The legal system is divided into two separate classifications—criminal law and civil cases. While they both exist to ensure laws are enforced, each of these systems has different procedures, evidentiary thresholds, and rules for people who might initiate legal action. Understanding the difference between these parallel systems will help you prepare for your case and ensure you get legal representation suited to your needs.
As the name suggests, the criminal justice system is designed to identify and punish those guilty of violating the criminal code. Because a guilty verdict in a criminal case may result in loss of property or jail time, the Constitution provides protection for those charged with a crime, including the right to a lawyer and a trial by jury. In criminal cases, action must be brought by the state or federal government, who must demonstrate beyond all reasonable doubt that the defendant is guilty.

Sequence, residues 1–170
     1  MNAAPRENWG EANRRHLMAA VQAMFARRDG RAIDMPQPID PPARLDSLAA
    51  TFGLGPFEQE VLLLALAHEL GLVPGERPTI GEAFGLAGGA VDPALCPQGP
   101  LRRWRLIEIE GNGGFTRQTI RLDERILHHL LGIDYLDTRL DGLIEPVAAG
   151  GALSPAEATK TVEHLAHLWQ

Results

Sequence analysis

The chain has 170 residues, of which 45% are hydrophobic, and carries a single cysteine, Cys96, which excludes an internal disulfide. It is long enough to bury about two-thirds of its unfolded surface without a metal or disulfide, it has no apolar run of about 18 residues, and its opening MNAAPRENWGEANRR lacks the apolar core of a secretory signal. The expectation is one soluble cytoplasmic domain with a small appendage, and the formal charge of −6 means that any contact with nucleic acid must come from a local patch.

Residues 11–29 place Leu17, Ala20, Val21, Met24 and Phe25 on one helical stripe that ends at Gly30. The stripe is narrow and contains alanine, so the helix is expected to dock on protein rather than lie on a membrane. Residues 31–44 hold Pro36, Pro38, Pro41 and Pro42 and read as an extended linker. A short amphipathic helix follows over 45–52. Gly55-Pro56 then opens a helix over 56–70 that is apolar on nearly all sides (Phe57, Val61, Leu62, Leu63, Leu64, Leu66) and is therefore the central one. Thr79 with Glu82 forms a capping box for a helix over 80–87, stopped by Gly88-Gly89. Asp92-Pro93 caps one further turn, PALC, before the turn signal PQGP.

Unlike criminal law, the civil system is concerned with settling conflicts between private citizens, businesses, and government agencies. Anyone who has suffered damages because of someone else’s actions—or lack thereof—has the right to bring a civil case to court, where it may be decided by a judge or jury. Because civil cases typically end in a financial award or an order compelling a party to perform a certain action, the law only requires that one party prove its side with a preponderance of evidence. Bear in mind that the same action could result in both criminal and civil action. For instance, someone accused of assault may be arrested, while victims may file a personal injury suit for their damages.
No matter what your legal issues might be, you can rely on the attorneys at Osborne, Tripp & Schmidt to have the expertise to advocate for your interests throughout the process. With four attorneys working in a variety of practice areas, they provide effective counsel to clients throughout Monroe County, WI. Visit their website to learn more about their civil and criminal law services, or call (608) 269-2400 to arrange a consultation.